Reuters reported that the 636,500 bpd Motiva Enterprises refinery in Port Arthur, Texas, the largest refinery in the U.S., was beginning to restart production on September 11, for the first time since being shut down by Hurricane Harvey on August 30, said sources familiar with plant operations.
Motiva Enterprises restored the 325,000 VPS-5 crude distillation unit (CDU) at the Port Arthur facility to minimum production levels early in the day on September 11, the sources said. After bringing the CDU online, Motiva began restarting the 105,000-bpd Hydrocracking Unit 2 (HCU-2), according to the same sources. The 110,000 bpd coking unit was also ready to resume production after being placed on circulation in which this unit and the bespoke CDU and HCU-2 were at operating temperatures and circulating feedstock as of September 7, the sources said.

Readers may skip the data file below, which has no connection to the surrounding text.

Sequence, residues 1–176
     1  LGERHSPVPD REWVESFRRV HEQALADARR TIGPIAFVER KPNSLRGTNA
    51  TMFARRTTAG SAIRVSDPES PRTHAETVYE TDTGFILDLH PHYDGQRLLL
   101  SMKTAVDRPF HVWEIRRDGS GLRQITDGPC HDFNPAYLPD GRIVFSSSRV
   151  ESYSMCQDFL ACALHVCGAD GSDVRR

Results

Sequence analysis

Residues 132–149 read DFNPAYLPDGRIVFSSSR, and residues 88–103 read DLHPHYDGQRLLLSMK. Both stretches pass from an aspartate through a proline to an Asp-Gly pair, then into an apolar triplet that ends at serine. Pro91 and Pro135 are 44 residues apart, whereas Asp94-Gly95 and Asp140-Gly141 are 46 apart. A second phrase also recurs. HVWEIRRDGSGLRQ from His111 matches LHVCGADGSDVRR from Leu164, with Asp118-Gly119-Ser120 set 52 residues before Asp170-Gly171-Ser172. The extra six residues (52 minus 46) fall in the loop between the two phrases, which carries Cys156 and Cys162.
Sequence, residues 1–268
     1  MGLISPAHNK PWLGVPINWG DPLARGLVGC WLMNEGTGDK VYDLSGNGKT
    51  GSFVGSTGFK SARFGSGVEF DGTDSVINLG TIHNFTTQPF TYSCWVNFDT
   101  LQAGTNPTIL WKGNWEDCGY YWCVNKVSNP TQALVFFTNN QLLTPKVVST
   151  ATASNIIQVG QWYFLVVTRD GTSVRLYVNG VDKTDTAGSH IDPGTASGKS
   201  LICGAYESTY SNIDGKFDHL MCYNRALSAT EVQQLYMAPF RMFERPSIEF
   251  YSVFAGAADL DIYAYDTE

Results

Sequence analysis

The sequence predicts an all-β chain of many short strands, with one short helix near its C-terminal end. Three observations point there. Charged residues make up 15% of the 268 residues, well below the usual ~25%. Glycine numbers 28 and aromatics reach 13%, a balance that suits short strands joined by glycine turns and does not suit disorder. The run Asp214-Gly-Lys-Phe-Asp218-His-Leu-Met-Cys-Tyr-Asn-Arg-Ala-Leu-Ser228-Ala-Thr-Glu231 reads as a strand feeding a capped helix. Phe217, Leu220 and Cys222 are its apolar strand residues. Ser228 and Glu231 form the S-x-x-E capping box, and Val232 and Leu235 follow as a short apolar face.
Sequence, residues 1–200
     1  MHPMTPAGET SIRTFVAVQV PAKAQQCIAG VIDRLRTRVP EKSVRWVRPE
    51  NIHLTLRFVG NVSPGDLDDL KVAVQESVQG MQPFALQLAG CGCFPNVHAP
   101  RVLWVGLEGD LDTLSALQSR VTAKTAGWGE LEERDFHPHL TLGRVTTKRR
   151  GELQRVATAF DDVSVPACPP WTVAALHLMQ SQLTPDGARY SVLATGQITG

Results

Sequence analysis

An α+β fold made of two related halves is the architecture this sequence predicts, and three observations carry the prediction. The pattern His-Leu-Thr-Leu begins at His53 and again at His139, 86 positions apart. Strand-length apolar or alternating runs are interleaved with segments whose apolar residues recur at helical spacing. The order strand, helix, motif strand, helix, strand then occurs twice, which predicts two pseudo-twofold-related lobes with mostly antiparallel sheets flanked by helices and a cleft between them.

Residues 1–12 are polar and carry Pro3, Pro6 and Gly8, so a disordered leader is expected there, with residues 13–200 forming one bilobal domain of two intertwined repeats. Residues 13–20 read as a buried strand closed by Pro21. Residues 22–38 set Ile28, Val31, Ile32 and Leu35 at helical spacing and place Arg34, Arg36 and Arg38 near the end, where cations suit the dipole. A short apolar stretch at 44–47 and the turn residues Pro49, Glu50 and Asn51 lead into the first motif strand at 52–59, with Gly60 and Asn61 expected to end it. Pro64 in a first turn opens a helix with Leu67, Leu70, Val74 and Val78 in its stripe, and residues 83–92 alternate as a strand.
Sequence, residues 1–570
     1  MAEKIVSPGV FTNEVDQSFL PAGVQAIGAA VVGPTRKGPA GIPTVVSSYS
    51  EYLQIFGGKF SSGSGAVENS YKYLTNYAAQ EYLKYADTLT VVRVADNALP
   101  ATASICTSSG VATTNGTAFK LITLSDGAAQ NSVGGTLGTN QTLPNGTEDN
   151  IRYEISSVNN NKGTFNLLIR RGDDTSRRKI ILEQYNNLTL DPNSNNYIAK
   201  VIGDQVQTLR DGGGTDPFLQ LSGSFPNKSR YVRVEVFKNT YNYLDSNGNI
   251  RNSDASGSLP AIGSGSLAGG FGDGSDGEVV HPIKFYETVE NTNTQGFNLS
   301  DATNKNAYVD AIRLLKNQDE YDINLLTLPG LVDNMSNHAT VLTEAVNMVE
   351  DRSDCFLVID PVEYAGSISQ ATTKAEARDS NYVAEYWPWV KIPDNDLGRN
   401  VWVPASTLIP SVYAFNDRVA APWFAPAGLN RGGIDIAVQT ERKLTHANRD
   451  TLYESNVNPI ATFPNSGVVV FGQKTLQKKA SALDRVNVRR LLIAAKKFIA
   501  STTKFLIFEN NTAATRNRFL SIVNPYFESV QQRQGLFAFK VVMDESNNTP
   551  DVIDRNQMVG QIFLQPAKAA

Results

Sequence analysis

Apparently, once the facility was confident an adequate crude supply was available, normal operation could be restored and resume for the entire plant, according to the sources, which actually came to fruition on September 12. Oil prices rose on September 12 as other key U.S. refineries besides the Motiva facility began restarts following Hurricane Harvey. Crude prices rose even though Hurricane Irma is likely to clip demand for petrol and diesel. Major storms tend to cut down on driving, particularly as many cars have been destroyed.
Brent crude oil futures settled up 6 cents, or 0.1%, to $53.84 a barrel while U.S. West Texas Intermediate crude rose by 59 cents, or 1.2%, to $48.07. A quarter of U.S. refining capacity was taken off-line due to the flooding from Hurricane Harvey. Refining runs on the U.S. Gulf Coast hit a record low in the first week of September, just after the storm, due to the shutdowns.